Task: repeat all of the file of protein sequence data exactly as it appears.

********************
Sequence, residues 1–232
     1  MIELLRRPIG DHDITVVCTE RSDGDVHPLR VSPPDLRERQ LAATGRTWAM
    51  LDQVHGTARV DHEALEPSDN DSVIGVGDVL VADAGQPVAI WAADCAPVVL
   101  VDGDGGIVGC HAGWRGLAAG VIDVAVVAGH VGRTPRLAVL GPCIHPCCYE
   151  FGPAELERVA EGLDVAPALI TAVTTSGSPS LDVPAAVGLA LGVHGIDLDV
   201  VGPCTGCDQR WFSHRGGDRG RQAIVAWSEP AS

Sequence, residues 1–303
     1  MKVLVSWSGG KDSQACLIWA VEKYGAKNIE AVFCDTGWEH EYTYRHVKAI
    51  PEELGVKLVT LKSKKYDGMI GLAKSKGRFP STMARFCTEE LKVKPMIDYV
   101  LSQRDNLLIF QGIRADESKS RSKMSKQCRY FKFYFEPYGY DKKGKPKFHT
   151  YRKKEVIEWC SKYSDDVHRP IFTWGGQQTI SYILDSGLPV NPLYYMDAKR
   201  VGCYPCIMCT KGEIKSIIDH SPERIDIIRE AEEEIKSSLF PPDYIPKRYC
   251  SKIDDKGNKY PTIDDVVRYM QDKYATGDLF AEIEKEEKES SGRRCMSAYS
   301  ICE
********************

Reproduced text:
Sequence, residues 1–232
     1  MIELLRRPIG DHDITVVCTE RSDGDVHPLR VSPPDLRERQ LAATGRTWAM
    51  LDQVHGTARV DHEALEPSDN DSVIGVGDVL VADAGQPVAI WAADCAPVVL
   101  VDGDGGIVGC HAGWRGLAAG VIDVAVVAGH VGRTPRLAVL GPCIHPCCYE
   151  FGPAELERVA EGLDVAPALI TAVTTSGSPS LDVPAAVGLA LGVHGIDLDV
   201  VGPCTGCDQR WFSHRGGDRG RQAIVAWSEP AS

Sequence, residues 1–303
     1  MKVLVSWSGG KDSQACLIWA VEKYGAKNIE AVFCDTGWEH EYTYRHVKAI
    51  PEELGVKLVT LKSKKYDGMI GLAKSKGRFP STMARFCTEE LKVKPMIDYV
   101  LSQRDNLLIF QGIRADESKS RSKMSKQCRY FKFYFEPYGY DKKGKPKFHT
   151  YRKKEVIEWC SKYSDDVHRP IFTWGGQQTI SYILDSGLPV NPLYYMDAKR
   201  VGCYPCIMCT KGEIKSIIDH SPERIDIIRE AEEEIKSSLF PPDYIPKRYC
   251  SKIDDKGNKY PTIDDVVRYM QDKYATGDLF AEIEKEEKES SGRRCMSAYS
   301  ICE